Price & Value
In this section we evaluate is the juice worth the squeeze. After all, the treasure trove comes at a fairly premium price. You’ll want to know is it all worth it.
Our Treasure Trove verdict: We score this at five stars because it really hits a lot of the highlights for what you’re spending on it. It doesn’t seem to undershoot what you should expect at this price point, well not necessarily costing you for things you don’t need.
We think that the treasure trove playset is a solid product. Gorilla playsets is a brand under a family of brands that generally sells sheds and structures. With that background, they bring a heavy duty stance towards the quality of their product and these sets are built to last. We know that Gorilla Playsets can last for up to a decade or more.
We know that the cost is in excess of $4,000 here, with some sets costing up to $5,000 with the scoop slide, but we are confident that you will get what you pay for out of this purchase. This product has been extremely well designed for the long term, and it comes with high-quality components.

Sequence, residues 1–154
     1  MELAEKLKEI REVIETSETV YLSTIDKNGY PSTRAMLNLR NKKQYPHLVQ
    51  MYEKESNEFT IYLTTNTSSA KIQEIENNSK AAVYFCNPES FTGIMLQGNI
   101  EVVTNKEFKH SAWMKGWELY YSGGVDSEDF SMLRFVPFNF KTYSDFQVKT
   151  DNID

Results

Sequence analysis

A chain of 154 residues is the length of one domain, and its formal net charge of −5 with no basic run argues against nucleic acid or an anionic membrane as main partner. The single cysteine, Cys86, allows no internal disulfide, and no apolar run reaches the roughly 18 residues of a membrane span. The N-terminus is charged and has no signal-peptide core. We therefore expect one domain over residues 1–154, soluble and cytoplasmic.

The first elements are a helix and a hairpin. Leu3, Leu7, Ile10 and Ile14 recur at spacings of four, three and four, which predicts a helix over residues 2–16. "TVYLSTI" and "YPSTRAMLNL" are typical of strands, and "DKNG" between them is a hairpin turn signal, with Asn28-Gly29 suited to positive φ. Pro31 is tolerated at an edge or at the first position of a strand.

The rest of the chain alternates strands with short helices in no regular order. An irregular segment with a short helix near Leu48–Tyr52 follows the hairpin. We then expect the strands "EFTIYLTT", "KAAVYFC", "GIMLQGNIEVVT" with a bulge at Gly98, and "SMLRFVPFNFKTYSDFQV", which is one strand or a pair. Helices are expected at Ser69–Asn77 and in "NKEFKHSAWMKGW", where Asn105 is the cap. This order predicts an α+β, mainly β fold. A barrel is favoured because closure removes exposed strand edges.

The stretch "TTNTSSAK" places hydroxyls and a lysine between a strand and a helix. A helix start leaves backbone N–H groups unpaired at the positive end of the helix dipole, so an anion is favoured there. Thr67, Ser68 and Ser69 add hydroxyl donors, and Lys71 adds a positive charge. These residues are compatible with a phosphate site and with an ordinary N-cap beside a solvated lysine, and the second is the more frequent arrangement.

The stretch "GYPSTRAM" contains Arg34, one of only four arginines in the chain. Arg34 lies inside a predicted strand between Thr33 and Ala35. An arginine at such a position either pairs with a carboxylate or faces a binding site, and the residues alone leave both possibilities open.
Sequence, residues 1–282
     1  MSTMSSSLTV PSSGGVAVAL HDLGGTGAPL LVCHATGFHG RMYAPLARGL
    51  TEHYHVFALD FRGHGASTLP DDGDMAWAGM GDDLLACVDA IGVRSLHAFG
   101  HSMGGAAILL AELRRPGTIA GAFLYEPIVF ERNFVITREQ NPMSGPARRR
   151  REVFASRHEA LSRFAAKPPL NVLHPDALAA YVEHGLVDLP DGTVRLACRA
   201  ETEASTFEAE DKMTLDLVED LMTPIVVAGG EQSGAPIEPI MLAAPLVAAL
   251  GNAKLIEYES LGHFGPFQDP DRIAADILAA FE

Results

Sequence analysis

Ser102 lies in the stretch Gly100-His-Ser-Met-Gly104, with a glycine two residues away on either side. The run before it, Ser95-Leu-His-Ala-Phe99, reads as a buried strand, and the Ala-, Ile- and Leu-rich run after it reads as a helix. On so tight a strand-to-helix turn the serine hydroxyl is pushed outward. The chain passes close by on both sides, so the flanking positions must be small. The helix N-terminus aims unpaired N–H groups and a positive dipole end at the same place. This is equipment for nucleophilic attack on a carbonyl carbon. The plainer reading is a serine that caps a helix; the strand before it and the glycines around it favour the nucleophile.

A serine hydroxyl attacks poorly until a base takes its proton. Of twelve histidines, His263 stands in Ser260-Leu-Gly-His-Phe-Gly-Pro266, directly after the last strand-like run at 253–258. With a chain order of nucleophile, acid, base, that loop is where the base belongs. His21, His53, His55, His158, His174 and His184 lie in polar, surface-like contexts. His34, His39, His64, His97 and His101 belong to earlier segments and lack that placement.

You personally need to make the call about adding the large scoop slide and transitioning from a Treasure Trove I to a Treasure Trove II, but in general we don’t think you can go wrong at this price. Not sure I personally would downgrade the roof option to the vinyl tarp to save a few bucks. You’re already spending quite a bit of money on this and you’ll get more longevity out of your purchase if you stick with the wood roof.
Of course, you can get this with “free” shipping, but returns are difficult. You can easily tell that this is not a cheap thing to ship across America. It’s heavy, it’s bulky, and it takes a lot of labor to kit these boxes together.